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Legalized abortion has taken the lives of more than 55 million children since 1973. Abortion endangers women’s health and safety and has sentenced countless women to physical and emotional harm.4 Every year, taxpayers are forced to subsidize the abortion industry, including Planned Parenthood—which performs about one out of every four abortions in the U.S., advocates for elective abortion-on-demand, and has opposed commonsense protections for women and children.5 Today, the United States is one of only four countries in the world—in the company of China, North Korea, and Canada—in which late-term abortions are allowed for any reason after a child is able to survive outside the womb.6 All human beings have basic, natural rights—the most fundamental of these is the right to life. The right to life belongs not only to the strong and the powerful. It belongs to all human beings regardless of age, dependency, or ability. The government exists to protect our natural rights and has a duty to protect the weak from the strong. We all benefit when the law respects the dignity and value of every human life. Government should protect the right to life because it is the foundation of all other liberties. In its 1973 opinion in Roe v. Wade, the Supreme Court distorted the Constitution’s view of liberty by excluding the youngest and most vulnerable children from the right to life. That sweeping decision invented a constitutional right to abortion. Roe has been used to advocate for abortion-on-demand throughout all nine months of pregnancy—a stance at odds with the majority of Americans and extreme among developed nations.7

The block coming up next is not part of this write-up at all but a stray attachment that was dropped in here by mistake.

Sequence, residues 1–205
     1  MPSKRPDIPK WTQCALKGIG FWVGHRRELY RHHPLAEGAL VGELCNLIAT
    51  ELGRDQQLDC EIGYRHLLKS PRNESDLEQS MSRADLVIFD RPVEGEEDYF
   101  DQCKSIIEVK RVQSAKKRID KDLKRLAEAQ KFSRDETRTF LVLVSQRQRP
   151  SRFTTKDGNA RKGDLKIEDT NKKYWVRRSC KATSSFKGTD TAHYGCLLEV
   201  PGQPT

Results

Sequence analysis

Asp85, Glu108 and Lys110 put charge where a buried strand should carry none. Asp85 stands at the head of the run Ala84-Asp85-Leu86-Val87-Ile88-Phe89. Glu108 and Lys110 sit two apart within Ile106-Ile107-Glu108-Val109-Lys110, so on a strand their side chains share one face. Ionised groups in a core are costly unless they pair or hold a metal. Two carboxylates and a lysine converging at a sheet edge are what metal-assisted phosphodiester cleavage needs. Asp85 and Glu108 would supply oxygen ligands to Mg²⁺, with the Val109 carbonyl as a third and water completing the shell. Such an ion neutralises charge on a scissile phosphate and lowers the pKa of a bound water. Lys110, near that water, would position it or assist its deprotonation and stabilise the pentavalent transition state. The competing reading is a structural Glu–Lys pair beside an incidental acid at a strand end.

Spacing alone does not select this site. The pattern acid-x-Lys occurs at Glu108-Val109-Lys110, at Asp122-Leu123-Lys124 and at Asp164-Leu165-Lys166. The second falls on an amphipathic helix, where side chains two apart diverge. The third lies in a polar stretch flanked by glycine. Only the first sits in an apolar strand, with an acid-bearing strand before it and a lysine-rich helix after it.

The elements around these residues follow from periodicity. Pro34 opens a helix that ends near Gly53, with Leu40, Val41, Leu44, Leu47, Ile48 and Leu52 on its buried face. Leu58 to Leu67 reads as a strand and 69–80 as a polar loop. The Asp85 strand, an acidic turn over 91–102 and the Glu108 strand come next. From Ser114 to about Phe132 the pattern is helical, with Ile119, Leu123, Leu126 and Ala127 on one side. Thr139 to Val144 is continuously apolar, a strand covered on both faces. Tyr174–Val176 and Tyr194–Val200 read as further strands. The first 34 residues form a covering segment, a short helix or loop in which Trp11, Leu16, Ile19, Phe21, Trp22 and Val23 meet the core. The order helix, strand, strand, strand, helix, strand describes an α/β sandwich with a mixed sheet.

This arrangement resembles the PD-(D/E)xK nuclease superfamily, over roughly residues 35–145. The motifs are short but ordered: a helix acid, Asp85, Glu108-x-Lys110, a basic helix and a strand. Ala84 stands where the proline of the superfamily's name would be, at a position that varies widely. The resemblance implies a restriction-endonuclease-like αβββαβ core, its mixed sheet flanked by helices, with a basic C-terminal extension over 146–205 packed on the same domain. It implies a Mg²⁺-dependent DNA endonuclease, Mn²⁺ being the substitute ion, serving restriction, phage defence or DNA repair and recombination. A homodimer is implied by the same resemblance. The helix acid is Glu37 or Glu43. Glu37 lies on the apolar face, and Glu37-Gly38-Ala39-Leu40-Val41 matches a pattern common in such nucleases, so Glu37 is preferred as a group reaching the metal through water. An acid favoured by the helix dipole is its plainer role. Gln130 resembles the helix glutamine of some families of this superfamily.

What are the consequences of abortion?

Why should government protect life?

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OFFERING HOPE AND COMPASSION TO WOMEN AND CHILDREN
Each year, millions of women face an unplanned pregnancy and difficult decisions under trying circumstances. Throughout the country, nearly 2,000 pregnancy centers provide counseling, information, and life-affirming options to women.2 Pregnancy centers offer: